Fig. 2: A suggested inspection plan according to ISO 19840 for 500 square meters of flat surface area

Fig. 3: A suggested inspection plan according to PSPC for 500 square meters of flat surface area

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Table 3: DFT Measurements Required for 300,000 Square Meters of Ballast Tanks*
Measurement Type Number of spot measurements Number of gauge readings
*1 sq m ~ 10 sq ft

SSPC-PA 2 15,000 45,000

AS 3894.3 15,000 15,000

ISO 19840 30,000 30,000

PSPC 300,000 300,000

for each spot measurement. ISO 19840 requires roughly 10 measurements per 100 sq m and, again ignoring the first 100 sq m, gives a total of 30,000 measurements. PSPC is designed for ballast tanks but has a number of protocols for testing, depending on whether flat areas, stiffeners, regions around openings, etc., are tested. This complex scheme makes it hard to estimate the required number of measurements. It requires one measurement for every five sq m of flat areas, through to 5 measurements for every square meter in complex areas. On average, this gives one measurement per square meter. Interestingly, one author6 calculates an identical number for a very large crude carrier with a total ballast tank area of 300,000 sq m, so this figure seems a reasonable estimate for working to this standard. That is, one measurement per square meter gives a total of 300,000 measurements. Table 3 summarizes these results. The differences between the standards are much greater with the large surface area, with PSPC requiring 20 times as many measurements as SSPC-PA 2 or AS 3894.3 and ten times as many as ISO 19840.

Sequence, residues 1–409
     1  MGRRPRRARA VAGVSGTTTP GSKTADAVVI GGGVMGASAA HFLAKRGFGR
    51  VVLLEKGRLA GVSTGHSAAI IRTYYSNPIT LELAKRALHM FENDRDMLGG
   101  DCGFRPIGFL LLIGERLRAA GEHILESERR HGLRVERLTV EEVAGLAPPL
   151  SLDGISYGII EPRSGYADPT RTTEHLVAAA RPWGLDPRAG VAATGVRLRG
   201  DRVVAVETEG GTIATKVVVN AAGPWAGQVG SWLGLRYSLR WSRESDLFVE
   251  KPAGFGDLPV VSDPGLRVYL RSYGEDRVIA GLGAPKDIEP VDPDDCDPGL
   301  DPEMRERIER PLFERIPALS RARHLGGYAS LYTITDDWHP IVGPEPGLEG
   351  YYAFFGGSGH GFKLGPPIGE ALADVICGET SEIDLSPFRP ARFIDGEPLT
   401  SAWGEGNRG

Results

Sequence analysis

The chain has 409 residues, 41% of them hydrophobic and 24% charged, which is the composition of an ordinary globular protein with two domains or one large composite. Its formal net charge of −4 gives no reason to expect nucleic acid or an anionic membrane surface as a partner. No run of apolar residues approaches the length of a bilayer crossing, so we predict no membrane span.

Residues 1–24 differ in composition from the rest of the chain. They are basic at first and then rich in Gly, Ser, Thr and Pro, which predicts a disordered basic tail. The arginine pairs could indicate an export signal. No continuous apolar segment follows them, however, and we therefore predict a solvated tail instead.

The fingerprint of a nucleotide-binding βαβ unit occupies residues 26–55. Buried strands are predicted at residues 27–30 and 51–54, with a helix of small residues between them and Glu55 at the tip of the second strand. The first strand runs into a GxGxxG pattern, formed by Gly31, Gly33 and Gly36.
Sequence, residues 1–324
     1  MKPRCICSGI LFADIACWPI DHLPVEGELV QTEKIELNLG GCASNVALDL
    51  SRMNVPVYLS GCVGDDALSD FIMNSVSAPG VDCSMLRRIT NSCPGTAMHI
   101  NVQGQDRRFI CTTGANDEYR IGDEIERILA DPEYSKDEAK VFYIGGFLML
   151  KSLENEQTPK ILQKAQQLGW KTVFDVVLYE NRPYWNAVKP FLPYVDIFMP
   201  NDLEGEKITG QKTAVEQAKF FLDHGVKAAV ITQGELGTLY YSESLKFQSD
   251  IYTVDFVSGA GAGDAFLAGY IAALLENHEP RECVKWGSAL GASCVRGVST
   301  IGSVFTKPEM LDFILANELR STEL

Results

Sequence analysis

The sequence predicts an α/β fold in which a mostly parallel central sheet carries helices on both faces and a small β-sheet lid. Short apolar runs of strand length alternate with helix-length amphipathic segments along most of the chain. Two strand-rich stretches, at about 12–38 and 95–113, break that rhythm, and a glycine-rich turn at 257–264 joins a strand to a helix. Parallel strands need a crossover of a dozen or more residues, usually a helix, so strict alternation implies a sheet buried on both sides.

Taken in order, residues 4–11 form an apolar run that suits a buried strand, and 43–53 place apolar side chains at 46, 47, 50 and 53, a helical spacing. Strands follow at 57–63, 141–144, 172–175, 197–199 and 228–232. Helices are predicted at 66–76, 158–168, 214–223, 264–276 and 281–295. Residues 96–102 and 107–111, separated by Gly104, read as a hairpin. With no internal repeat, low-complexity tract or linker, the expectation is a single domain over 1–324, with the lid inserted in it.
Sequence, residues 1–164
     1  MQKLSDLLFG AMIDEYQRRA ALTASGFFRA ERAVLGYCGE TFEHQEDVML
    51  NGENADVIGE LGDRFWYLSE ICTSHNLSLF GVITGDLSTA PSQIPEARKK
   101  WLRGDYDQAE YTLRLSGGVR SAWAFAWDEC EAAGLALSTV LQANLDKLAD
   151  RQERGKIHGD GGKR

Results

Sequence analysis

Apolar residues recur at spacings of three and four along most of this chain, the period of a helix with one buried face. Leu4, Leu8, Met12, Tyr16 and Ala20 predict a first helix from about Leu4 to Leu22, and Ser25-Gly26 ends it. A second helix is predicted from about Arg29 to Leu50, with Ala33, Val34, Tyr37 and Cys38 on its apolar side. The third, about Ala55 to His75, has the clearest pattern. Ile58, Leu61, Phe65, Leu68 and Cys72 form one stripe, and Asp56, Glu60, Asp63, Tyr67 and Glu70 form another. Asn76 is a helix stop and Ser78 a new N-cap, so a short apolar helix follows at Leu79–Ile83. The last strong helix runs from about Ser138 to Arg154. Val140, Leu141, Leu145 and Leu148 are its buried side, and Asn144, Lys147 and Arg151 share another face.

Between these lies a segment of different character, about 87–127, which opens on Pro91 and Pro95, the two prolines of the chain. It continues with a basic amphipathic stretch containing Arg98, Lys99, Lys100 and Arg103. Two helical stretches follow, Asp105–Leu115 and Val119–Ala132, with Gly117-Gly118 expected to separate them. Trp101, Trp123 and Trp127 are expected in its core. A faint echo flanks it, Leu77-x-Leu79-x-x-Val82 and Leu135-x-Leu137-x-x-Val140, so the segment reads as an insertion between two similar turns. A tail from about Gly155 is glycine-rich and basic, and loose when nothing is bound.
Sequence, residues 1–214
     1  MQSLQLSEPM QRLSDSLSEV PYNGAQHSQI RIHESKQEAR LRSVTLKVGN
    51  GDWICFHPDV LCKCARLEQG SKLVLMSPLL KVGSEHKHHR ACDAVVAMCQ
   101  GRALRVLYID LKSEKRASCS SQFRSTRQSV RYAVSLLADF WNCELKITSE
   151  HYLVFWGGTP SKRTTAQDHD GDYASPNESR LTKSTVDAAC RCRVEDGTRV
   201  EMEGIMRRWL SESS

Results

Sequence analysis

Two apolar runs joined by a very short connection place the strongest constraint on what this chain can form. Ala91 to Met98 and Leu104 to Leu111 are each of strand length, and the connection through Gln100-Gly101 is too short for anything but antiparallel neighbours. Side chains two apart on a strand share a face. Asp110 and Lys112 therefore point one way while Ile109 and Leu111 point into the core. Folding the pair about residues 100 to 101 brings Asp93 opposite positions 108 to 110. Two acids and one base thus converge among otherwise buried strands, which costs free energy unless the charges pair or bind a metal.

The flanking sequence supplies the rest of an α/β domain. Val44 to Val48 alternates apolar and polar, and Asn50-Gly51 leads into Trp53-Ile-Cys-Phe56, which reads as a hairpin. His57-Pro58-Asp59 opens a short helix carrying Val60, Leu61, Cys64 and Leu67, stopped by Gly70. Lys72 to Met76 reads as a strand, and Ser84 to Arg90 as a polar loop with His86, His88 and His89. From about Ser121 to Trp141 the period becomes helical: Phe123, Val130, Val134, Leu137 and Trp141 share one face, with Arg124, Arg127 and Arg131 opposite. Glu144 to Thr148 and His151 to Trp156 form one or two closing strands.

Discussion of the Testing Requirements

It could be argued that the SSPC and Australian Standard methods do not provide for adequate testing of the